As we approach the U.S. election day, the "outsourcing" rhetoric-meter will be rising rapidly. From presidential to the local council, candidates will be talking about "outsourcing means losing jobs to workers offshore" and "eliminating tax benefits for corporations who outsource - or send jobs abroad." Although it is their right to get on the soapbox (of course, made in the U.S.), as a COP (Certified Outsourcing Professional) I wish they would understand the difference between outsourcing and offshoring and take a stand accordingly (as always, they can still plunge ahead and confuse the issue and not let the facts get in the way).
Outsourcing is when a company turns over a function (process) to another company and has them perform it according to the contract. The company taking over the function can do that work on site, in the U.S. at another location or overseas - again, most contracts put restrictions on alternatives. So, as you read this blog, you may be sitting in a building outsourced and managed by CBRE, on a computer network supported by HP, eating in a cafeteria managed by Aramark or Sodexho, while waiting for a package to be delivered by UPS. Those are all outsourced functions where all jobs remained in the U.S., and in many cases, on site. In fact, most of the outsourcing ends up in keeping jobs in the same country and not moved off shore. There may be a job loss and a potential job loss in the community where the company was located.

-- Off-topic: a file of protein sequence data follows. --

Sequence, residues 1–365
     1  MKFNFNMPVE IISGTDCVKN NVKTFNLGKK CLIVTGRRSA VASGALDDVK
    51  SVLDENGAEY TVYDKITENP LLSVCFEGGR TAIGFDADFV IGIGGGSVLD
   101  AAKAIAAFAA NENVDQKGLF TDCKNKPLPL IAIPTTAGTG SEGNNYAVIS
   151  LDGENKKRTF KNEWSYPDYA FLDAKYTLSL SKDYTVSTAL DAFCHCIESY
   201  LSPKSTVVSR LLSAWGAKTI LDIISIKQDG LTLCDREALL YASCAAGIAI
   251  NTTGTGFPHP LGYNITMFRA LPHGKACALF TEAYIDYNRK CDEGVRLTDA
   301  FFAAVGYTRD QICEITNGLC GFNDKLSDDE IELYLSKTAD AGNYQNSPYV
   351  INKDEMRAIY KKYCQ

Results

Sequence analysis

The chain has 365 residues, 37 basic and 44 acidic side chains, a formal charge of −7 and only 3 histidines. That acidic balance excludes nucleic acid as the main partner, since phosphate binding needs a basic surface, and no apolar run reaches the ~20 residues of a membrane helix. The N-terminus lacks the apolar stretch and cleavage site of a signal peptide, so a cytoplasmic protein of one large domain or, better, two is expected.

Offshoring is when a company has a function performed at a location outside of the country, either as a captive subsidiary or outsourced to a provider located there. Obviously, there are "employment" implications depending on the form of offshoring . In a future blog, we can talk more about offshoring's impact on employment and taxes.
So, Mr./Ms. Politician, before you confuse the public (although it is your right) about the evils of outsourcing, make sure you are not in California (HP and CBRE), New York (IBM, Xerox), Pennsylvania (Aramark) or Georgia (UPS), whose outsourcing business keeps hundreds of thousands, if not millions of people, employed and contributing to the economy.
Jag Dalal, COP, is Managing Director of Thought Leadership for IAOP